I'm amused enough to teach you. Did you not get that Bob from Manaus's report on the weather is also direct evidence?

Direct evidence supports the truth of an assertion directly, i.e., without an intervening inference.

So, in a discussion of combat effectiveness, statistics on combat effectiveness (and their summary in a table as excerpted upthread) obviously constitute direct evidence. I.e. there is no intervening inference between "combat effectiveness" and "combat effectiveness."

Indirect evidence, by contrast, involves an intervening inference. Were we to measure combat effectiveness by comparing relative trends in force size, for example, we'd rely on an intervening inference that size trends owe entirely to casualties (instead of, say, redeployments to other fronts, pestilence, or The Rapture). That may or may not be true; indirect evidence can be more convincing than direct (contrary to what you hear on the news about "just circumstantial" evidence).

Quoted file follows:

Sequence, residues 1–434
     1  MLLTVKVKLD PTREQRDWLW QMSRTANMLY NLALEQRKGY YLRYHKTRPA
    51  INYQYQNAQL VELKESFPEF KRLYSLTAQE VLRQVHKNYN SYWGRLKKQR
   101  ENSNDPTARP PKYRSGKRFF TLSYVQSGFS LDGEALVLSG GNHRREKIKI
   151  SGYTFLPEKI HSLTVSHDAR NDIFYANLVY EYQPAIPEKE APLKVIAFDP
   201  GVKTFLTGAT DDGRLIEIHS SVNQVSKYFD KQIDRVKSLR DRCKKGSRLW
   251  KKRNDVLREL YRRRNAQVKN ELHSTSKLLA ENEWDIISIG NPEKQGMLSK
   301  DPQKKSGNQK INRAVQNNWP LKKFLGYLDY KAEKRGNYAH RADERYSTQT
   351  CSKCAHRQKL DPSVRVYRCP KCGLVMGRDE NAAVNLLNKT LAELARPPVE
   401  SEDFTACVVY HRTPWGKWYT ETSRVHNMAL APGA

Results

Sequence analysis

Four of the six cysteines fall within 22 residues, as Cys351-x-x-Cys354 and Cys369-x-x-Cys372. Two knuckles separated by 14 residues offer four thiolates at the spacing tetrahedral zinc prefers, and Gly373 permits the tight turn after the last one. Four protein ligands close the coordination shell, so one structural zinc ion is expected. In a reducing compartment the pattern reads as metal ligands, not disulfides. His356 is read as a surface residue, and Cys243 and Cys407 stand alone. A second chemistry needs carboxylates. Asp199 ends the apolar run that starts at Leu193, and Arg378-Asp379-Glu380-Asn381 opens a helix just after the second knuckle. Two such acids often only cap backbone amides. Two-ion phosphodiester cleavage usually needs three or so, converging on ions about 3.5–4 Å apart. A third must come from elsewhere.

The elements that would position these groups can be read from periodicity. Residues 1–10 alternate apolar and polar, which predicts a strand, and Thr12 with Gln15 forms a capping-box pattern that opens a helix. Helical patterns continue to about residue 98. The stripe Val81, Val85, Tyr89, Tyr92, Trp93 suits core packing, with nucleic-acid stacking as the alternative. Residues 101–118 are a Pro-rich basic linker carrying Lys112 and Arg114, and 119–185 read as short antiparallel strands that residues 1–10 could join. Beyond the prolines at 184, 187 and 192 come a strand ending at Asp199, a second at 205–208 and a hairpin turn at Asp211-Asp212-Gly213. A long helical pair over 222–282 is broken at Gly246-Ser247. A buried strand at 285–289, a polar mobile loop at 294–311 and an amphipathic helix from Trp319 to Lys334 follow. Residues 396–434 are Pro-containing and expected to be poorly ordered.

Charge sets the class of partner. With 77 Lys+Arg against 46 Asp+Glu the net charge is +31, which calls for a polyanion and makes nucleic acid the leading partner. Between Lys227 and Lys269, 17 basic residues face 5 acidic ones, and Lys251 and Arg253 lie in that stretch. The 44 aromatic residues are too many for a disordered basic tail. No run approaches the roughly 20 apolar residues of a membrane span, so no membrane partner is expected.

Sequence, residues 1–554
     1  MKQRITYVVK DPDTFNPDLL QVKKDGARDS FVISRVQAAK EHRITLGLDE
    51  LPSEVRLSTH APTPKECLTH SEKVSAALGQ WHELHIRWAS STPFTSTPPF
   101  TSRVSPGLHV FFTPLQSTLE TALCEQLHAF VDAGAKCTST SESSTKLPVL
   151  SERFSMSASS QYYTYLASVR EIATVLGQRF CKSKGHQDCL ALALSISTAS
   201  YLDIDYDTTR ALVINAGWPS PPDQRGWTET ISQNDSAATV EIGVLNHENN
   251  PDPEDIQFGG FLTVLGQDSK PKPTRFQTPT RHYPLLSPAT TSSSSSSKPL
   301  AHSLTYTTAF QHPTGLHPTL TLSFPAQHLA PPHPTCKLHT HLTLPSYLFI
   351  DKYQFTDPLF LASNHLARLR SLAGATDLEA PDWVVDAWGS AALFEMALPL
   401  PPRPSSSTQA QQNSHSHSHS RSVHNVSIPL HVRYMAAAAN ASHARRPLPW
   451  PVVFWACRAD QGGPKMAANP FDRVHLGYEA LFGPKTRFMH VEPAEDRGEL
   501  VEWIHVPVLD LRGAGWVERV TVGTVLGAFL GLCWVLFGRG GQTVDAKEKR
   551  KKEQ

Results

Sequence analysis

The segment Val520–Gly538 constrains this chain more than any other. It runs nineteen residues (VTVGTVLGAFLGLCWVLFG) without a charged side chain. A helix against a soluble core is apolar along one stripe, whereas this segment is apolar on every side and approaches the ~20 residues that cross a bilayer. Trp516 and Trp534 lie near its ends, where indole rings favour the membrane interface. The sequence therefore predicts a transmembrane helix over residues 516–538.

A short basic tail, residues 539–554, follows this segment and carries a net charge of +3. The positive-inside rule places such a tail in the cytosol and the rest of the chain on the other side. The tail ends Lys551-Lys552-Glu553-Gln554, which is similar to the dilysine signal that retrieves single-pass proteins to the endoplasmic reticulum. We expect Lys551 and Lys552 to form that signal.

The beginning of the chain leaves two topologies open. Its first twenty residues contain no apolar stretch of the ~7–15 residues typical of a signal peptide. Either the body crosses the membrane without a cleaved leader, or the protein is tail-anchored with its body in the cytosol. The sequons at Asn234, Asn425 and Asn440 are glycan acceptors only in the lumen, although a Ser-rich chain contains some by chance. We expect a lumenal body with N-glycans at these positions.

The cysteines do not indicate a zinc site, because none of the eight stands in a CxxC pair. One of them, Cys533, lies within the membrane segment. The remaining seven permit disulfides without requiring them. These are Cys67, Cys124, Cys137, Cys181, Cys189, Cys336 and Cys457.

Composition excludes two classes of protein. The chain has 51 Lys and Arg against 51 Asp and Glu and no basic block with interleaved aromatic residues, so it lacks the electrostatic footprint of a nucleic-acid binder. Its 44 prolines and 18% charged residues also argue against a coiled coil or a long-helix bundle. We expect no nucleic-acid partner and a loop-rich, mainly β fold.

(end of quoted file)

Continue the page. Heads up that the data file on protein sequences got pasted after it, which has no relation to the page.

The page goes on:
What my fellow AHF'ers seem incapable of understanding is that the category "direct evidence" can be contradictory. Witness A testifies that you threw the first punch; witness B testifies that the other guy did. Both are direct evidence but they're contradictory.

Upthread we had the following logical inference from seemingly contradictory results of the linked TDI study:
Tom from Cornwall wrote:
21 Oct 2021 18:15
Does that [differential results at army vs. divisional levels] suggest that the British Army out-performed the US Army in WW2? Of course not, it just shows that we don't have "direct evidence" to justify such statements.